Costa Rica, part 4.

One last post from Costa Rica, from the relatively dry (just a couple of thundershowers everyday) Pacific Coast near Manuel Antonio National Park.

We spent lots of time at a quiet little cove called Playa Biesanz where the ocean was as calm as a pool and there were more locals than tourists. At Manuel Antonio the forest comes right down to the beach and the ocean is dotted with little green islands.

One entrepreneurial guy set up a little kayak and life jacket rental on the beach, using a casuarina tree to help set up shop.

Like every other place in Costa Rica, what fascinated me most was the vegetation. The forest is everywhere, and always on the verge of taking over the little patches of man made landscape. This stone statue (of a monkey god? I think that’s a capuchin monkey on it’s head) stood moss-covered by a hiking path.


The garden crew at our hotel spent all day trimming and pruning trees. This guy uses a long stick with two knife edges to cut back palm trees.

More trees I drew: The banana tree.CR_manuel_antonio_banana

And a tree we called the ‘Sloth tree’. Almost every sloth we spotted (and we spotted a lot of them) was in this tree. And yes, this is another sketch that a thundershower played a big part in shaping.CR_manuel_antonio_slothtree

When you live right at the edge of the forest, the iguanas join you for breakfast. This guy waited patiently by us while we ate breakfast on the patio. He was just there for the crumbs. For a black spiny tailed iguana, he was small at about 2 feet long.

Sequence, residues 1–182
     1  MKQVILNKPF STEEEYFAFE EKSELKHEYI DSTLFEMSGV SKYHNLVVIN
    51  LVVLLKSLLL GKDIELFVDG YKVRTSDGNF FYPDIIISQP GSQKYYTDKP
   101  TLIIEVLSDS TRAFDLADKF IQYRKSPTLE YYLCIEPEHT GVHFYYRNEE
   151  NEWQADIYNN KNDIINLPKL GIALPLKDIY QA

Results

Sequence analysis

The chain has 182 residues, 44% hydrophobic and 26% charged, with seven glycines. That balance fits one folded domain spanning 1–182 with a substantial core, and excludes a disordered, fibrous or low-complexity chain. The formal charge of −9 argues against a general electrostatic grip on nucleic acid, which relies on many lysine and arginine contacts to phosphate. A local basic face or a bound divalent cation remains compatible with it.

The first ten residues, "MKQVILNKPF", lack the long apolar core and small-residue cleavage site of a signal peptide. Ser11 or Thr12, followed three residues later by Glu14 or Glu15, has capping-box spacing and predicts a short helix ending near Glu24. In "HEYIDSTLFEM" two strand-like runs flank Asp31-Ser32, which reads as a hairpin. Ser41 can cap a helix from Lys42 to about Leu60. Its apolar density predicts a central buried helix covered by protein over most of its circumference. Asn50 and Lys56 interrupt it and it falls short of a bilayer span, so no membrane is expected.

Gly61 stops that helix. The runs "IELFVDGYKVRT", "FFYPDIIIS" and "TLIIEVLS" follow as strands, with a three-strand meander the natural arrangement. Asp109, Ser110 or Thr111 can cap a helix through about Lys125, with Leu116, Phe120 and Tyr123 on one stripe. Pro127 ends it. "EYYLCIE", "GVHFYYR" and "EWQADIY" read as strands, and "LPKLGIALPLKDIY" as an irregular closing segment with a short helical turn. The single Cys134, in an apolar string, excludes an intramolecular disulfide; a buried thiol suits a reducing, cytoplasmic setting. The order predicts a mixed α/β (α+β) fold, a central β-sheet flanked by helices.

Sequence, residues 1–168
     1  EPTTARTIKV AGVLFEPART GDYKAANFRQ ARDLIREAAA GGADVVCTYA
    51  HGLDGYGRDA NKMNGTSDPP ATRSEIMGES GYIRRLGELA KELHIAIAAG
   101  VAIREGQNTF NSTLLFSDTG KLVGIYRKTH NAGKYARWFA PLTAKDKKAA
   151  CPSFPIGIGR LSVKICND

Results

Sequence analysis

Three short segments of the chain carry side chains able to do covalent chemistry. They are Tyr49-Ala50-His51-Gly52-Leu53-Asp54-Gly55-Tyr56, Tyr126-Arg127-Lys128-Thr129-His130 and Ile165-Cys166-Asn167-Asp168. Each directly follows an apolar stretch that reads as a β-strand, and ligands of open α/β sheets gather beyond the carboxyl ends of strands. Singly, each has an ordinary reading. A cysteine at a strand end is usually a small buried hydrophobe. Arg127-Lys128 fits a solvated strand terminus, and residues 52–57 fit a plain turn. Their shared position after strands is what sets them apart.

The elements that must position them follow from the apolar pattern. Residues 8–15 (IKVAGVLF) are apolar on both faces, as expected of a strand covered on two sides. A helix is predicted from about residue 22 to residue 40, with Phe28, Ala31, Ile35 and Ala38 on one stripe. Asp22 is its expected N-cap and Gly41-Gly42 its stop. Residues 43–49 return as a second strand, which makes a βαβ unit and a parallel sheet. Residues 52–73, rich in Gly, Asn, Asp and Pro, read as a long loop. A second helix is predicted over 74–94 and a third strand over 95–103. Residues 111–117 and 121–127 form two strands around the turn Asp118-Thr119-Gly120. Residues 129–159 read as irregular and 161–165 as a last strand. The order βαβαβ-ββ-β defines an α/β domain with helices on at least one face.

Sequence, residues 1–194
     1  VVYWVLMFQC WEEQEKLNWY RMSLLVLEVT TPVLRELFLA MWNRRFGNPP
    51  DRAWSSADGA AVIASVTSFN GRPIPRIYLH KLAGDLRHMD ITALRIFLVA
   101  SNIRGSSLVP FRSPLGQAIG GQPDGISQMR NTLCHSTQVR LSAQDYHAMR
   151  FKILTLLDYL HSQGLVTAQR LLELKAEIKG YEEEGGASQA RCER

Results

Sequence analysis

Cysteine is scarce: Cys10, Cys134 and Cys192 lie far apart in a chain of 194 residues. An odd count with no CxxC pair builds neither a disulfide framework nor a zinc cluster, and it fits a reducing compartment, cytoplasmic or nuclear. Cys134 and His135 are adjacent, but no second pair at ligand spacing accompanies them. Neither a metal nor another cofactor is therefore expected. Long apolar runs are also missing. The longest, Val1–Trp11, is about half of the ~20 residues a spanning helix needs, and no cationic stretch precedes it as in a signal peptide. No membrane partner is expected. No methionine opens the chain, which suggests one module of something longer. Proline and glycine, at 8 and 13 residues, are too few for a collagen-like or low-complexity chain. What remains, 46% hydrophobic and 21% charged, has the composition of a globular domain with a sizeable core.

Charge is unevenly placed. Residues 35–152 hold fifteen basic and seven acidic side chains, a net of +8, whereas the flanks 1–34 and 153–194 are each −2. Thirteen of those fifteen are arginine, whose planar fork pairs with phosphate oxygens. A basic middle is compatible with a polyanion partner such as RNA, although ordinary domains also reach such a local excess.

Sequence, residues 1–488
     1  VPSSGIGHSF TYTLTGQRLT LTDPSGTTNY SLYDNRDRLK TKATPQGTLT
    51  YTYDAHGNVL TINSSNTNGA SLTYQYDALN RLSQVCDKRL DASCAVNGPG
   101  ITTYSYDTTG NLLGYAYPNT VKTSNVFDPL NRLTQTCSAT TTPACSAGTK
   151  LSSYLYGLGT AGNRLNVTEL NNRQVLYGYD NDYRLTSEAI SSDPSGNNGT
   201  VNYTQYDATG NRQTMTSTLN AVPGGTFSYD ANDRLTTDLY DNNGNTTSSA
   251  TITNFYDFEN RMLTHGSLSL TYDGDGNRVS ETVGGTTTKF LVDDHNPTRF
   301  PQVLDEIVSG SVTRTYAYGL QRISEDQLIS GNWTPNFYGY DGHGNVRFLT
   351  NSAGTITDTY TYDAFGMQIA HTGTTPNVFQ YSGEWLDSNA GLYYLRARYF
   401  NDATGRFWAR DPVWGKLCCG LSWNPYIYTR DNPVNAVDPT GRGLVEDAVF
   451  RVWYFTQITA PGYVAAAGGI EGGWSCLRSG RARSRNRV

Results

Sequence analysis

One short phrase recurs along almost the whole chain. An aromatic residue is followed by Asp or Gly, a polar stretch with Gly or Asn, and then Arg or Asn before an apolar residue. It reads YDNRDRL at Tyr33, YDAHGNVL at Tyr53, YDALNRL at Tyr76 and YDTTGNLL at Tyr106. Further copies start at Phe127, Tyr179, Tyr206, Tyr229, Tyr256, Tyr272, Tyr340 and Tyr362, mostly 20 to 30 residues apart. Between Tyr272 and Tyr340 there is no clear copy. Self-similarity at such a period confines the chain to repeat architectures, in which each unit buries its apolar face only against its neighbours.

My last sketches from Costa Rica: the fruit stands with pineapple and watermelon, mango and mangosteen, loads of bananas, star fruit, papaya, custard apple, malay apples, coconut and fruit I don’t know the name to and didn’t get around to tasting. (That means I’m going to have to come back another time!)

One last sketch, Hari and the kids reading Tintin on our long flight home.CR_going_home

Goodbye Costa Rica, what an adventure that was!

Posts 1, 2 and 3 from this 4-part series here:

Or, all of my Costa Rica sketches with none of the commentary in this flickr set.

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Costa Rica, Part 3

Getting from Arenal to the cloud forest in Monteverde involves a ferry ride across Lake Arenal, a huge manmade lake that once generated 70% of Costa Rica’s electricity.

The cloud forest is like something out of a dream. The mist never clears and it never truly stops raining. There are a million layers and textures of vegetation, and every imaginable shade of green. Trees compete for light, and are covered in bromeliads and mosses and are taken over by strangler figs and fungi.